I’m guessing that in about a month from now we are going to have another REALLY interesting discussion.
    Ciao,
    Will

  20. One more thing. I did a presentation on this today (Toronto-centric, but with a dollop of Canadian content). You can find the slides at my personal website – wdunning.com.

  21. Right, because when a person thinks of who the go to person is for budget, financial, retirement and investment planning, a Mortgage Broker tops everyone’s list!

  22. The answer is simple. Consumers want government protection of deposits (CDIC) and better rates and mortgage options (CMHC). The cost for these government guarantees is low, and in the case of CMHC, tax payers actually profit from the crown corporation’s success, to the tune of $17 billion over the last decade.

  23. Resources, health care, and Tim Hortons? You’re overlooking the jobs I’m creating that are bringing money into the country with no need to send physical goods in return :)

  24. It’s all fun n’ games to dispense unqualified financial advisement with reckless abandon until one day when a client loses their life’s savings because of it.
    “Accredited Mortgage Professional” is not a certified financial planner accreditation.

  25. @Snowbird, thank you for taking the time to make your argument. Unfortunately, I disagree with all of your points:
    1. Yes, I insist again that mortgage brokers and bankers help promote fraud, sometimes brazenly, sometimes subtly. Many brokers help unqualified buyers skirt the rules. Not every broker or agent is involved, of course, but many are involved, especially during a bubble. When American citizens earning 30K per annum were getting 700K Mortgages, do you seriously believe that the bankers and brokers who were arranging these loans had no idea what they were doing? Or do you seriously believe that human nature in Canada is different or holier than human nature in the US and elsewhere? If you have not seen fraud in the mortgage broking business in Canada, you are either naive, or an insider. Or you are someone who has not paid sufficient attention.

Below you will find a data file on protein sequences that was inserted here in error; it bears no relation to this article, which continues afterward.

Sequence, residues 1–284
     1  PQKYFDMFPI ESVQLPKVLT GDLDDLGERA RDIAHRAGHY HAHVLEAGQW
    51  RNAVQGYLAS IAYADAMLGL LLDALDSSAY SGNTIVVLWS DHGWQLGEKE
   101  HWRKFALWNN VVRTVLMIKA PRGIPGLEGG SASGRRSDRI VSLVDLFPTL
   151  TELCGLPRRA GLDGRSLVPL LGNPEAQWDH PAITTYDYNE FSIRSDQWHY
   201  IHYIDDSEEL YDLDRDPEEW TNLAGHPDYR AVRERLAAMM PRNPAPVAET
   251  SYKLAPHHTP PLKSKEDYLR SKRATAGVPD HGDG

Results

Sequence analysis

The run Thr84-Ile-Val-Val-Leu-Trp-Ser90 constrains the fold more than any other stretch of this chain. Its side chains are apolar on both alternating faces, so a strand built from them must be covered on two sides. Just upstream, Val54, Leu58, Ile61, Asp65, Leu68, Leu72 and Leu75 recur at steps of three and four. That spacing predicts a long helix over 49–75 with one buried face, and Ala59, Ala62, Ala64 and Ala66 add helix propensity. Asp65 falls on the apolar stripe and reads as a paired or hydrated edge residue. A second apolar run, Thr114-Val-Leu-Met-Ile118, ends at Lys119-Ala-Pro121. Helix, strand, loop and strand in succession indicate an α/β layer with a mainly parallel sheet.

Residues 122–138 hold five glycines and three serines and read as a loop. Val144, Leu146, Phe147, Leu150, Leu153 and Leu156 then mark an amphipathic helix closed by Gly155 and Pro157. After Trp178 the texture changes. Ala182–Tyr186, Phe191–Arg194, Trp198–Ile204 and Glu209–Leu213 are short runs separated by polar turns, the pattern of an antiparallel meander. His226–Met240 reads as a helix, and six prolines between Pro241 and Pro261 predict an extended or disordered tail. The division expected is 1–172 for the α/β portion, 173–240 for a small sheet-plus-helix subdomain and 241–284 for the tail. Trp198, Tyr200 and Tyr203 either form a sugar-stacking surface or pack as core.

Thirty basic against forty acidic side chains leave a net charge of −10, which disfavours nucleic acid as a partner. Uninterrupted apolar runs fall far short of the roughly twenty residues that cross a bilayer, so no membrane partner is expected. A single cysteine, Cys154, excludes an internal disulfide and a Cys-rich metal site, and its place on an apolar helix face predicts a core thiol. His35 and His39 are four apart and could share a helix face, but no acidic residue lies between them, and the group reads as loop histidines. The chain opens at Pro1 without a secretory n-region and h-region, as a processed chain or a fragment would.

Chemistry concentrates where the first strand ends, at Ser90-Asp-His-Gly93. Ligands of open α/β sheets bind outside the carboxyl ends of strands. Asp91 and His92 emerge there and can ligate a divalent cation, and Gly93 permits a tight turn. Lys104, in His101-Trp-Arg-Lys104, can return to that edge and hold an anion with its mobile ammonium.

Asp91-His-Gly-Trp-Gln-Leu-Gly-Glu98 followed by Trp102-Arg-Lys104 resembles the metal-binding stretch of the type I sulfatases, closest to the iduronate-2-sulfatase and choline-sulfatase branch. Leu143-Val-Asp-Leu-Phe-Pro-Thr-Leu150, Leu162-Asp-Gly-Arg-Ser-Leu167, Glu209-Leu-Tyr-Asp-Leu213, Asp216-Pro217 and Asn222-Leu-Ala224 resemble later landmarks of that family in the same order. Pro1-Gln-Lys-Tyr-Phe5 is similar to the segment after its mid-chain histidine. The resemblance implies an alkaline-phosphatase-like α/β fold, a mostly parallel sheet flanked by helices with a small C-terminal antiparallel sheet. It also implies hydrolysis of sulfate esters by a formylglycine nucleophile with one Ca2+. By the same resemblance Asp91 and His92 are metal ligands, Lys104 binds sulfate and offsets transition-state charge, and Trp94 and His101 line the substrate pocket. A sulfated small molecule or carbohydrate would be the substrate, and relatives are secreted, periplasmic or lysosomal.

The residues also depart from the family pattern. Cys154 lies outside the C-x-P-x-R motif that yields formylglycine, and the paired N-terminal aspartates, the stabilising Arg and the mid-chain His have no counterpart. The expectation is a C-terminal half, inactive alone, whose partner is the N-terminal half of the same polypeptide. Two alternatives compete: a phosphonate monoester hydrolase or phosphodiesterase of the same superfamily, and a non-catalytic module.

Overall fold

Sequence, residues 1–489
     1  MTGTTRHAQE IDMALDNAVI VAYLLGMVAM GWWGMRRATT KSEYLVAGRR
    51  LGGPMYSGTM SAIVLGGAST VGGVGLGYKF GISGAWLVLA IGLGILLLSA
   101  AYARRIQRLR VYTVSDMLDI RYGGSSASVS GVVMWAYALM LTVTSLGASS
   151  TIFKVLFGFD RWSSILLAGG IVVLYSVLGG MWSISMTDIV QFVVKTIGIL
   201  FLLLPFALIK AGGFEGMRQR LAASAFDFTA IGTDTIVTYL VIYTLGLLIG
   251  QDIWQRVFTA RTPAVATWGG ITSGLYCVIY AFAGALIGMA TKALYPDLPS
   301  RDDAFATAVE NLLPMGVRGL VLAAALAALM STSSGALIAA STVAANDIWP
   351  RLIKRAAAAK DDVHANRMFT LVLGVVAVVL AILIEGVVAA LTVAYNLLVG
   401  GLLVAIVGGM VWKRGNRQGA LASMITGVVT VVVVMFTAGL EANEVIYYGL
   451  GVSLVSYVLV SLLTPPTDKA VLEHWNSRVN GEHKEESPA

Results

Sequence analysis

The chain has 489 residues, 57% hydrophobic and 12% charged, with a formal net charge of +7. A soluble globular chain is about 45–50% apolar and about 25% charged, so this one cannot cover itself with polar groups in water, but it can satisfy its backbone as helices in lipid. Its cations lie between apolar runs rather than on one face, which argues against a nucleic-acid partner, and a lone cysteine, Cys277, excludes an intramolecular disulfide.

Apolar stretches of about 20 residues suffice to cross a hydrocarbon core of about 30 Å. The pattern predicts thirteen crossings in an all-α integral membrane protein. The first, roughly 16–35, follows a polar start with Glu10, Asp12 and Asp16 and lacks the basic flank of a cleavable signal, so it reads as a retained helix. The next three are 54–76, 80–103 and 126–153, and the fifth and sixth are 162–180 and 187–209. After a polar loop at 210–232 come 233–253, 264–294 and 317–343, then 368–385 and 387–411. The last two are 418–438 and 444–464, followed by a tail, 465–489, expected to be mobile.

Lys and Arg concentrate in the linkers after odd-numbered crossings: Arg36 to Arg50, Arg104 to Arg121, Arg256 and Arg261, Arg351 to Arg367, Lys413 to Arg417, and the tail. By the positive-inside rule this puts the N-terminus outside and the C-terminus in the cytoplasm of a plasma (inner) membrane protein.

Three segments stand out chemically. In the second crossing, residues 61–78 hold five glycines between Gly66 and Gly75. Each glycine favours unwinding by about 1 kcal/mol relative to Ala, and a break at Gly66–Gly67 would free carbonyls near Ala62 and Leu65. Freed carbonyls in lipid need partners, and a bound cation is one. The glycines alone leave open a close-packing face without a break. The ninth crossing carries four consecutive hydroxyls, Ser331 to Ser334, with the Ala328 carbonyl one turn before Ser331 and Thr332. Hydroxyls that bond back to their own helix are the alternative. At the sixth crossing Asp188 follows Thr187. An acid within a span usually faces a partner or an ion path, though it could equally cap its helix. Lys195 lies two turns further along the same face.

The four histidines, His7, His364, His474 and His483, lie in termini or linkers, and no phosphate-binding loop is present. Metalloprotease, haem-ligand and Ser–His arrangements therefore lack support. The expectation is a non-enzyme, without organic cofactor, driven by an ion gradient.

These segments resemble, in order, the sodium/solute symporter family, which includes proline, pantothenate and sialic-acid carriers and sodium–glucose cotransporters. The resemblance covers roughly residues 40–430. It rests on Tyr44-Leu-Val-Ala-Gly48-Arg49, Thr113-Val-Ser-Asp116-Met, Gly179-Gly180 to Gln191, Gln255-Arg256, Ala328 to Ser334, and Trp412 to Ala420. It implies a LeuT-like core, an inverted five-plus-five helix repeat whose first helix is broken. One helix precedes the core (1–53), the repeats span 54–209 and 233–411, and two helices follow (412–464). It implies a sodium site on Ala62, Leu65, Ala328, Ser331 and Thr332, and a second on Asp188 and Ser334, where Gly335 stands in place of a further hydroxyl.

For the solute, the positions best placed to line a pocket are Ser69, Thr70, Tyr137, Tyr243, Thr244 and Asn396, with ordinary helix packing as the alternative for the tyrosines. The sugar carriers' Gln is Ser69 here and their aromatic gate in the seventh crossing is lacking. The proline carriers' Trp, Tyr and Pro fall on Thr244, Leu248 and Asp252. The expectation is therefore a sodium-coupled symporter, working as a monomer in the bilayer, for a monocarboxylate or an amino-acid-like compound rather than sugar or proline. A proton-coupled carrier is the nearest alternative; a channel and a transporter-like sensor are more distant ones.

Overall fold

2. You claim that “10 million households” are speaking out against “execssive rule changes”. But where are these 10 million households? 99% of statistics are fabricated on the spot, out of thin air, and your “10 million” hyperbole is a perfect example.
    3. YOu claim that no one in the real estate industry wants a bubble. But of course! Why on earth would you want bubble? A real-estate bubble would take away your livelihood. That’s why we are asking those in the industry to check their greed -before what happened to their US counterparts happens to them. You should be thanking the Government from saving you from yourselves.
    4. You claim that imposing more prudent requirements on the Canadian housing market “courts economic disaster”. But disaster for who? Is it for Canadians, or for members of your profession?
    Sir, most of these rules that the Feds are now tossing aside are merely a few years old. All were introduced by the Harper Government. And before this Government recklessly loosened the mortgage tap, the Canadian Economic was doing just fine. So your claim is just another myth stated as dogma. Let’s not spread fear and uncertainty.
    5. Without the rules, prices will continue to rise – until households are swallowed by debt. Seat back and watch what happens when and if the BOC decides to jack up rates!!!
    6. Yes, the housing market will definitely crash if household debt keeps rising. Thanks to mortgages especially, Household debt is at an alarming level – or have you not been paying attention? Even the Bank of Canada is threatening to raise rates -primarily as a tool for curbing ridiculously sized mortgages. Those of you in the industry -do you know something that the BOC and the MOF does not know?
    7 You claim that ‘people pay the same percentage of their income to put a roof over their head today as they did 30 years ago’. Please offer some proof … your merely laying down another dogma is not enough.
    8 I agree that Down payment alone does not determine the quality or prudence of a first-time home buyer, but as far as indicators go, it is a pretty good one. The requirement for some kind of minimal downpayment is a pretty good one. Anybody who has problem with it is merely focused on their commision. If a first-time buy is incapable of saving a mere 5%, maybe they shouldn’t be a house to begin with. People buying with no money down are a risk for the rest of the house-buying population.